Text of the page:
With the opportunity to see some Arrol engineering in action, on 3rd September I headed towards Renfrew to see the span of the Inchinnan Bascule Bridge being raised for Doors Open Days. It was being raised 3 times during the day at 11am, 1pm and 3pm and I had chosen the earlier time thinking it would be less busy. Although, a large crowd had already gathered by the time I got there, I was not to be disappointed. Finding a clear viewing spot I was amazed to see the span of the bridge being raised to an almost vertical position in under 2.5 minutes.
The bridge is on the outskirts of Renfrew and carries Inchinnan Road across the White Cart River. When it was built, the site required a moving bridge which would allow the passage of ships from the Paisley docks along the White Cart River to the River Clyde and out to sea, without too much disruption to pedestrians and road traffic crossing the river.
It is a Scherzer rolling lift bascule bridge and was designed and built by Sir William Arrol & Company Ltd. in 1923/4. A bascule bridge is a moving bridge with an extended span at one end counterbalanced with a heavy weight at the other. Because the span is counterbalanced it requires very little energy and little time to raise it upwards into a near vertical position. The rolling lift design was patented by William Donald Scherzer, an American engineer who wanted to refine the bascule design that was used by Sir William Arrol at Tower Bridge, London. Instead of having a fixed pivot point taking the weight of the bridge, the rolling bridge has a large radius roller which moves on a track and as it moves position the centre of gravity shifts to the point of contact with the track. To prevent slippage the track has guide blocks which align with matching pockets in the roller.
Other advantages of the design are:
- as the bridge is lifted it moves away from the water channel offering the full width of the channel for passage of ships.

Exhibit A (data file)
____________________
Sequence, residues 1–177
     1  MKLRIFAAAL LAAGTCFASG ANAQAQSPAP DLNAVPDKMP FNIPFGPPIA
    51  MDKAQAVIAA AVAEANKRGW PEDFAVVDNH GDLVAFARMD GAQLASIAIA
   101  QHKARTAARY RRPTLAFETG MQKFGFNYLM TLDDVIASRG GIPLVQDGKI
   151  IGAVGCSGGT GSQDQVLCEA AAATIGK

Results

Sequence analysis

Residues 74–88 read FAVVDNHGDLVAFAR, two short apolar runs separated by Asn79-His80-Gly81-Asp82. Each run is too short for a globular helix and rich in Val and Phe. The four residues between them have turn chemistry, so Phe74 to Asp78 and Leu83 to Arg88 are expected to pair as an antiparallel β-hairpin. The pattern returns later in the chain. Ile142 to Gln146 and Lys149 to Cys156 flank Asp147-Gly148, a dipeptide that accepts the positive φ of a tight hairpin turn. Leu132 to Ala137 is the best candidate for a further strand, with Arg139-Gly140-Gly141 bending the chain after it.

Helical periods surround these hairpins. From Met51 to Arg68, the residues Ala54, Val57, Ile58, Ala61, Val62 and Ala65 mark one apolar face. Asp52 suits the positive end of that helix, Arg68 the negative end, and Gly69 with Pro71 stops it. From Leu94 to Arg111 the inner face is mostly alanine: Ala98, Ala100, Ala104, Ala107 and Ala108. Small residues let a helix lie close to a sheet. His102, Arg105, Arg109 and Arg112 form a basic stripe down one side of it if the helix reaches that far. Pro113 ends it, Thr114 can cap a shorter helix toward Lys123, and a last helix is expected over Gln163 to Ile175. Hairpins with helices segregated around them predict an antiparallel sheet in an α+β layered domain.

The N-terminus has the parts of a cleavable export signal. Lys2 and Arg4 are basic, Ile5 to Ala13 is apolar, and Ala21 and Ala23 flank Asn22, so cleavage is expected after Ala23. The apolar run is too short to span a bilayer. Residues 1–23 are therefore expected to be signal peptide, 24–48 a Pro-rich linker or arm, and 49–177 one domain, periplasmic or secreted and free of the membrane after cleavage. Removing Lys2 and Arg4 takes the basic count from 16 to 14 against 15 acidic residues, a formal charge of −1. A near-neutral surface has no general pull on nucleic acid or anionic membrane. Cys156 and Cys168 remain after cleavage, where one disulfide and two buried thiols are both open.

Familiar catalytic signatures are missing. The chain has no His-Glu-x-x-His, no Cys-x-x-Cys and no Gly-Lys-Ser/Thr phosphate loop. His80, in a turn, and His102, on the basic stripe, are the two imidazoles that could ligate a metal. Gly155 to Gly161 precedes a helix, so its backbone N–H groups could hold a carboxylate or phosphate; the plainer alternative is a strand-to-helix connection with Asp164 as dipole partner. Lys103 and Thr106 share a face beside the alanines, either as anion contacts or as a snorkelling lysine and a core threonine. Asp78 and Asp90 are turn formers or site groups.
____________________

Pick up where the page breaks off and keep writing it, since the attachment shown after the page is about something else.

- the shortest possible span length can be used for the closed position.
- the simple design is cheaper to construct and maintain.
- less power is required to overcome rolling friction and so it is cheaper to operate.
The cabins on towers flanking the bridge contain the lifting mechanism. It is powered by electricity and should the supply fail there is a back-up generator in the outbuilding.
It is the only surviving rolling lift bridge in Scotland and in December 1994 was designated Category A listing. In 2004 Renfrewshire Council commissioned a complete restoration of the bridge and operating mechanism at a cost of over £1million. The works involved repairing parts that had deteriorated, strengthening the structure to carry the increased loads of today’s roads, painting with a new protective coating and adding architectural lighting. Although the days of large ships navigating the White Cart are past, the bridge still has to remain operational to allow the passage of large components downriver, from the Doosan Babcock Ltd engineering firm to the sea. It has also become an annual event for Doors Open Days programme in Renfrewshire attracting a large crowd curious to see the bridge in action and relive the memory of a not-quite bygone age.
Historic Environment Scotland Listed Building Designations: Rolling Lift Bridge Over White Cart Water
Cadogans Case Studies: Inchinnan Bridge Restoration